Here's a copy of some of my notes:
Meeting Notes – 1/25/10
Market is at an inflection point. Government catalysts for strong rally since March 2009 will be missing in 2010. Private sector needs to perk up.
Items to Watch:
· Odds against significant health changes. Negative for health care stocks, which had rallied since last November in anticipation of changes.
· “Glass Steagall Lite” removes financial sector tailwind;
· Confirmation of Bernanke for another term as Fed chairman in doubt;
· Taxes almost certainly have to rise for all.
· Defense spending will probably decline mid-2010
- Chinese economy growing rapidly again Stimulus package passed by the Chinese govt. had an immediate (positive) effect on economy;
- Still, some questions on sustainability of recovery, especially if trading partners remain sluggish;
- “War of words” on internet, climate policy, etc., doesn’t help. Also illustrates a more confident Chinese govt. that is less concerned about
- Capital Markets
· Huge demand for lower quality credits – credit fears gone. Investors bidding lower quality assets aggressively – spreads nearly back to where they were in early 2008;
· Yield curve is at its steepest level in at least 25 years. The good news: Investors can’t stay in 0% cash forever. More good news: steep yield is usually a harbinger of strong economy.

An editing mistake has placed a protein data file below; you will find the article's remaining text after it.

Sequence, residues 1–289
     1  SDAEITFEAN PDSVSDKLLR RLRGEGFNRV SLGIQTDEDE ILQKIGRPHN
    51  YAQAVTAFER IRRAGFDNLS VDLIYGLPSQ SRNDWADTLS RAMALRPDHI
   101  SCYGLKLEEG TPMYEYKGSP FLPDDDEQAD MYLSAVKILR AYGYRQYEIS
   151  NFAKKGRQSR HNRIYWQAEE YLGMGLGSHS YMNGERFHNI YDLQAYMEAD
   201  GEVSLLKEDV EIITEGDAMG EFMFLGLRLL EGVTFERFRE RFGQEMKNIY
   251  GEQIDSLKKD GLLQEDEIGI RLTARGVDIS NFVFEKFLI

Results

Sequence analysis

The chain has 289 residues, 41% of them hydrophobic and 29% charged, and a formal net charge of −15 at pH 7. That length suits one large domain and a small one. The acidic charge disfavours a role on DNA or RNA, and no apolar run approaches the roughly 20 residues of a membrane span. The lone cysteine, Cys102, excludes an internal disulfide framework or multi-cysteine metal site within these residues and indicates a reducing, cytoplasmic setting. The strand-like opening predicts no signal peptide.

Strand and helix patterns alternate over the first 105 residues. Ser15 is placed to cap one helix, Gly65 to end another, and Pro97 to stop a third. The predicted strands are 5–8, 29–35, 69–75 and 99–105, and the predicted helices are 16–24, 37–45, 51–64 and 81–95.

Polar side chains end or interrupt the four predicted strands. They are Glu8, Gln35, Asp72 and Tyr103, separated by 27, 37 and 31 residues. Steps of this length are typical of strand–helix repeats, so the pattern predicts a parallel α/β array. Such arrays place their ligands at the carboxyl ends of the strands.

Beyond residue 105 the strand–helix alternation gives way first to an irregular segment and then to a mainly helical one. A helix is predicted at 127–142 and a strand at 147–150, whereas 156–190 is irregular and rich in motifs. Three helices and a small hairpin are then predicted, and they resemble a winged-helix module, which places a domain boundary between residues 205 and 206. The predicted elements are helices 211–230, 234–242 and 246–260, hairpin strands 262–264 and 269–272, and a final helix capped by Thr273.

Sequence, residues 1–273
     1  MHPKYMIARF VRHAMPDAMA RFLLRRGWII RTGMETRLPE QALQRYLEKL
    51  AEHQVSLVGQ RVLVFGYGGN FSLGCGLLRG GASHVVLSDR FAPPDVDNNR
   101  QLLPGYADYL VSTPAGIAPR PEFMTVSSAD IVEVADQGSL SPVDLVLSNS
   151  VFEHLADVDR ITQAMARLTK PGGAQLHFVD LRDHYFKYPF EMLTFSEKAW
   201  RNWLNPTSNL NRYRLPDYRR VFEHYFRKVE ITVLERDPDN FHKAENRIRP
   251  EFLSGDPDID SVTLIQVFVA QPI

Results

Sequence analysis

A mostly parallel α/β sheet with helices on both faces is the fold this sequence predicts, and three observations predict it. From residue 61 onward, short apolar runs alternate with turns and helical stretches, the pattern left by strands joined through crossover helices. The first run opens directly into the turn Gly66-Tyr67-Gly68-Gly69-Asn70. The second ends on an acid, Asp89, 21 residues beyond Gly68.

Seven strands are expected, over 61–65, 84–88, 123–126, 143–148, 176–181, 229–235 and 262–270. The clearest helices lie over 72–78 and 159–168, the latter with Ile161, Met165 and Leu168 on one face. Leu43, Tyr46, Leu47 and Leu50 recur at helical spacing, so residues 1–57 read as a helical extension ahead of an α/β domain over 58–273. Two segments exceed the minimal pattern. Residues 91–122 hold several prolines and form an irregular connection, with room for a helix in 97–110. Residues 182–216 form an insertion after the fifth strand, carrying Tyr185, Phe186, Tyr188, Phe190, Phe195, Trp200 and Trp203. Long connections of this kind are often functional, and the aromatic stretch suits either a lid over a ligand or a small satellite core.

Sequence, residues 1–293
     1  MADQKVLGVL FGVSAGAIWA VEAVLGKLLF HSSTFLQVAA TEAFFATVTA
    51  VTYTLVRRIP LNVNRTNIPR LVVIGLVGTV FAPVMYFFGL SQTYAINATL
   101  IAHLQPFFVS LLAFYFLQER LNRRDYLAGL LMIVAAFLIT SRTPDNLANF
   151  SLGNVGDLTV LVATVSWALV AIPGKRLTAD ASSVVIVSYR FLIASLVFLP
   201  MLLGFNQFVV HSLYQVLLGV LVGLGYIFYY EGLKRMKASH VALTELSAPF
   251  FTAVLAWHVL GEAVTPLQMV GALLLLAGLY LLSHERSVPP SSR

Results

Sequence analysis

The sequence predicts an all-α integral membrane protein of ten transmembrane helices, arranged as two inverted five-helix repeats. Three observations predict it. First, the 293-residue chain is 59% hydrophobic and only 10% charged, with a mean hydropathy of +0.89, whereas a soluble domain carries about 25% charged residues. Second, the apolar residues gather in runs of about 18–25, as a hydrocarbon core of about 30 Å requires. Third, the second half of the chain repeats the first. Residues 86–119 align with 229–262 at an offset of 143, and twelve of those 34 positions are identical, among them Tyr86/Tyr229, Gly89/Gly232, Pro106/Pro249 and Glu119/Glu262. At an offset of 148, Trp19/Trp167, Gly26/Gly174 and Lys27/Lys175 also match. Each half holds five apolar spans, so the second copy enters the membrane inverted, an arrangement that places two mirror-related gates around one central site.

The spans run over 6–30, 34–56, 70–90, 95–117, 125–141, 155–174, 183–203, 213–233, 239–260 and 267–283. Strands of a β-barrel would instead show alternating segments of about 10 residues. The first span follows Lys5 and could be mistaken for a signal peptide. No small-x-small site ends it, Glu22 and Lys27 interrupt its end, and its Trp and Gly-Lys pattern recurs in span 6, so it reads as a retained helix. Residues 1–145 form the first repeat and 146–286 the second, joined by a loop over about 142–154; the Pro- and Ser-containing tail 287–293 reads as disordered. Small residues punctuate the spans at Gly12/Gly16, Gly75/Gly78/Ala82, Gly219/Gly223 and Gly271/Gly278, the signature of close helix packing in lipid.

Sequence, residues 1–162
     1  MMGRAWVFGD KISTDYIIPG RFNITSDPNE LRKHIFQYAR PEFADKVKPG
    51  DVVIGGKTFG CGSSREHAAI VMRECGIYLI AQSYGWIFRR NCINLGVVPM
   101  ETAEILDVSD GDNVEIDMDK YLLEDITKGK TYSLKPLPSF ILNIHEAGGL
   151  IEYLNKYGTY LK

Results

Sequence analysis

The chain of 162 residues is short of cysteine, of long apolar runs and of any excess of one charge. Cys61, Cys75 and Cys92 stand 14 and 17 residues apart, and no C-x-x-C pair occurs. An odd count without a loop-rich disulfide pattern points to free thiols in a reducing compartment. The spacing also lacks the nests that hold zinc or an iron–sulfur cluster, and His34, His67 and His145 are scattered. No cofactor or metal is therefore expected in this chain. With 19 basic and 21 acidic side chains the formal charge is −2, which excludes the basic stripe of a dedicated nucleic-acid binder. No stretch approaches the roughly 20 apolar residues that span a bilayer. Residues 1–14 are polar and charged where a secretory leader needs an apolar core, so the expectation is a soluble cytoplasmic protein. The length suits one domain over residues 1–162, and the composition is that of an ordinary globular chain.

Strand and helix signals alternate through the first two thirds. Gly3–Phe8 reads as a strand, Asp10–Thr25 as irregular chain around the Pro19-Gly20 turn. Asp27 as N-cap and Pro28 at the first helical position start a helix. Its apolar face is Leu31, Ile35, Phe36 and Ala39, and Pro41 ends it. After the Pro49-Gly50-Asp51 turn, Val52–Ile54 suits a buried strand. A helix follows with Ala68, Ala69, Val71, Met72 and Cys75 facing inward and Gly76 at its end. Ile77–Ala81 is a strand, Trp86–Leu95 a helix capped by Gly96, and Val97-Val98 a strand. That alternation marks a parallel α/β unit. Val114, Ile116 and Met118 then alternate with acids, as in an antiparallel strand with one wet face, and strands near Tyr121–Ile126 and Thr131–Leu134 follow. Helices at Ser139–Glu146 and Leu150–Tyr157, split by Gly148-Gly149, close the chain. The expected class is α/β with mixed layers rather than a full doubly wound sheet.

· Higher yields and more future inflation pressures are widely anticipated. But is all of the “bad news” in the bond prices?
- Earning expectations
· Consensus earnings expectations for S&P 500 +24% for 2010 and +21% for 2011. Groups with most expected earnings upside: energy/commodities (+47% in 2010) and technology (+26%). Lowest expectations in consumer staples (+7%) and telcom/utilities (+7%).
· While numbers may look aggressive initially, they are all coming off low bases in 2009. Overall S&P earnings not expected to get back to 2007 levels until 2011.
· On negative side, earning estimates are usually too high at the end of recessions. Also, analyst margin expectations are very high – near historic peak. Is this realistic?
· Unemployment a huge problem – actual figures in high teens if you include “discouraged” workers. Business reluctant to make new hires in uncertain economic environment. Final health care costs also not clear;
· Inflation simply not a problem – too much capacity. Unit growth volumes are rising, but pricing keeps falling
Investment Implications - Stocks
- Probably due for a correction but, if economy improves and short term interest rates remain low, market should finish year higher;
- Low quality, high beta stocks did best last year. Historically high quality outperforms over longer periods of time. Also, higher quality stocks are just statistically cheaper;
- Earning expectations are achievable, but are “upside surprises” possible?
- Large cap, dividend-paying stocks look cheap. Small cap stocks that offer M&A potential (i.e. large cash positions) might interesting as well.